Yamini: As a choreographer, I am always trying to bring my own perspective to the traditional art without sacrificing its traditional grammar. I am searching for new subjects and refreshing ideas. For instance, in 2007 I partnered a production ‘Harmony’ along with modern dancer Leah Curtis from New York. In 2016, I conceptualised ‘Adviteeyam,’ a duet production with Bhavana. In 2017, I produced ‘An Evening of Storytelling,’ where I tried to showcase the storytelling aspect of Kuchipudi replete with characters, narrators, episodes and dialog. In 2018, I worked along with my father on a new production ‘Surya: The Sun God,” where we tried to showcase in parallel traditional and modern theories around the formation of the sun and the planetary system.
Apart from the Kuchipudi dance style, you have also mastered Western contemporary music. Tell us about how you got interested and pursued the study of this.
Bhavana: I was interested in Western contemporary music and pursued an education and tried to gain experience in that field. I am very thankful for all that I have learned. To say the least, it has exposed me to a whole new world that is uncharted in the Indian music scene—relating to voice and body anatomy, how to nurture it, music composition and how to work with a musical group. These are just some of the allied arts that help me day in and out as a dancer.
My interest in Western music started when I was young, since my sister and my peers would listen to the latest pop music, rock and other musical genres. The language and scenarios in the songs were very relatable given the academic and social environment that surrounded me in New Delhi.
You are an accomplished singer. Tell our readers about your first solo EP, Tangled in Emotions, the experience of performing at the Grammy after-party in 2013 and singing a song in the grunge rock style for the Hollywood movie ‘Joy Ride 3.’
Bhavana: It was an honor to work with the greats in the international music scene based in Hollywood, California. I worked with the music directors of Childish Gambino, Lorde; the mastering engineer of Snoop Dogg and Game of Thrones; Emmy and Grammy award winning recording engineers and producers who were true to their art, sincere, grounded and phenomenal to work with. The work culture, talent and professionalism that I was exposed to is unparalleled. Till date, my communication skills on stage/studio are at ease and my experience gives me clarity in practice and procedure.
Both of you often perform Kuchipudi dance presentations together. Give our readers an insight into how it goes.
Yamini: Since our maiden duet performance in ‘Adviteeyam’ in 2016, Bhavana and I have been performing duets frequently. We also perform the Shiva Leela, which is one of my parents’ hallmark presentations. Since Bhavana and I have grown up together and learnt dance together, both of us have a sound understanding of technique and abhinaya and are firmly rooted in my parents’ style of Kuchipudi. We share a very good understanding of each other’s dancing technique and have excellent chemistry on stage, which audience members enjoy. Both of us bring our own style to dancing, which elevates the visual experience of our duet performances.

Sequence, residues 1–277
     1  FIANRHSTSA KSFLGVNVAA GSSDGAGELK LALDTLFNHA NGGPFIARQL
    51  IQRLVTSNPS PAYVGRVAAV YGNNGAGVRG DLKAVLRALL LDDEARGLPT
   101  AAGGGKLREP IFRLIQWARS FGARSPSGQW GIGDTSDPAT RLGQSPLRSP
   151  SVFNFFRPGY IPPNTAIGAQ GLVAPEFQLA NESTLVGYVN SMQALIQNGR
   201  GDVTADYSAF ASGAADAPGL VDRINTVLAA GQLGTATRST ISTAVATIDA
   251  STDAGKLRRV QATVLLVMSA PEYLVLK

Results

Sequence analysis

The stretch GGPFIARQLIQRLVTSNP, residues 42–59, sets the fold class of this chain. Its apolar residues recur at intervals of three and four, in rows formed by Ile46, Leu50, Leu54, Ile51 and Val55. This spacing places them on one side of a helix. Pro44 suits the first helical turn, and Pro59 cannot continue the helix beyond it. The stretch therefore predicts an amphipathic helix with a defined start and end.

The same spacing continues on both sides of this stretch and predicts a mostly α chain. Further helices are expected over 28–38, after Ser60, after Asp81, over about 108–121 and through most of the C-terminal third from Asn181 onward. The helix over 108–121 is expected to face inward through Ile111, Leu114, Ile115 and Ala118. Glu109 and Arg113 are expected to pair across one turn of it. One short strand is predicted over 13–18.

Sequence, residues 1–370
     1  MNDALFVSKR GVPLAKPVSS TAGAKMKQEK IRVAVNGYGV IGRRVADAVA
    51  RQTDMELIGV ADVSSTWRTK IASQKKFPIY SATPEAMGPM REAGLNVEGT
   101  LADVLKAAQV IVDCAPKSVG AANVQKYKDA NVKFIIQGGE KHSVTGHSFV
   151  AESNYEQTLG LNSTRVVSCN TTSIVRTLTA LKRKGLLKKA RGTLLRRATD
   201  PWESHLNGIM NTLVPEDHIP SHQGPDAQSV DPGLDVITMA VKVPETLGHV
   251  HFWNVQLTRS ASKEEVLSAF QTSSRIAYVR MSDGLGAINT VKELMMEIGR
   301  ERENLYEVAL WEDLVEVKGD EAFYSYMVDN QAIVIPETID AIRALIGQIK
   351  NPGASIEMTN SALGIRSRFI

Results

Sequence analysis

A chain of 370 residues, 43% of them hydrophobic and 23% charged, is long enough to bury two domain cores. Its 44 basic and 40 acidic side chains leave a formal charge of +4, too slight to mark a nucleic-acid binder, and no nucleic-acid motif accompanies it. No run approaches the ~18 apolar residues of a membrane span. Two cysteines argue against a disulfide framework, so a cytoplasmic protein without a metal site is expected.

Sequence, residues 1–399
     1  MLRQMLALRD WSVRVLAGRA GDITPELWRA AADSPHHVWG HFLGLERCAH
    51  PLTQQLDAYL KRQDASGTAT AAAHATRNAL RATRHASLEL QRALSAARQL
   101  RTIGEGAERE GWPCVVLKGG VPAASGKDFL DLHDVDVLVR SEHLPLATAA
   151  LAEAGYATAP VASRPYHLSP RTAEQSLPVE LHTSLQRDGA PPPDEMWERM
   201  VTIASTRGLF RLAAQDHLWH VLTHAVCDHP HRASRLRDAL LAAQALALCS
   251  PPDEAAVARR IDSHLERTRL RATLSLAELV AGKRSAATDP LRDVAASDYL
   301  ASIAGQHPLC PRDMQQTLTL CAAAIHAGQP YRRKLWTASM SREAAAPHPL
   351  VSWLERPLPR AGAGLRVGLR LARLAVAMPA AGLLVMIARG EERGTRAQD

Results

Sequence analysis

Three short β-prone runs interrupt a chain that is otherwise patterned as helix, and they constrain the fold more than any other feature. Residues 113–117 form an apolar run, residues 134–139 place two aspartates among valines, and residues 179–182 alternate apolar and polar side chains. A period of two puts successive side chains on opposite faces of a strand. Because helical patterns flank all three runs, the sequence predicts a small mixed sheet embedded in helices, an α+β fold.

Bhavana: It’s a unique experience now that we have both come in to our own. Although we were working professionals since childhood, we now exchange ideas at a different level of involvement and creativity. It’s wonderful to be able to evolve in our relationship and partnership as dancers. It’s wonderful to have someone so similar yet different from you when discussing a new performance or project.
What do you feel about the scope of Kuchipudi as a dance form? Any words of advice for students, and other aspiring young artists in the field?
Yamini: Arising from man’s need for storytelling is the art of Kuchipudi dance. The Kuchipudi dance tradition is a combination of theatre (Natya Mela) and temple dance (Nattuvamela), which makes it a unique form of dance. This very nature of Kuchipudi gives it the length and breadth necessary to explore creative ideas. It is fast-paced and sprightly, making it rhythmically lively, thus enabling it to conquer space and time. Kuchipudi also has immense depth and scope, which can be explored through its vast range in abhinaya that adapts conventional movements with ease. In its newest form, Kuchipudi is a modern link to its ancient heritage.
I would advise students and aspiring young artists to make sure they give equal emphasis to technique and abhinaya while training. There is generally a tendency to be casual about nritta (which is physically demanding) while training, which actually takes away from the authenticity of the dance. I also urge everyone to put in relentless practice and wait patiently for their efforts to pay off. Dance by its virtue will give us a lot more than money or fame can ever give.
Bhavana: Kuchipudi is a golden art form, it can never get old. It’s like emotions, they can never get old. I would say delve into the field, give it your hundred percent and merge into it. Let your personality shine through the art form. But to become one with the art form, one must first master the technique and study various related aspects. Kuchipudi is a dance drama, not just dance and not just drama. That’s what makes it unique, so do justice to it.
What are you working on currently? What are your plans for the future?
Yamini: At present, I am starting work on a new production called ‘Temple Bells,’ which I hope to stage in 2020. In the future, I hope to take my initiative to support artists further and involve more corporate partners. I also wish to do more research-oriented work in my field.
Bhavana: I am currently studying the body of work of my father and his guru, the master guru Vedantam Prahlada Sarma.
Neha Kirpal is a freelance writer based in Delhi. She is the author of Wanderlust for the Soul, an e-book collection of short stories based on travel in different parts of the world. You can read all her published work on www.nehakirpal.wordpress.com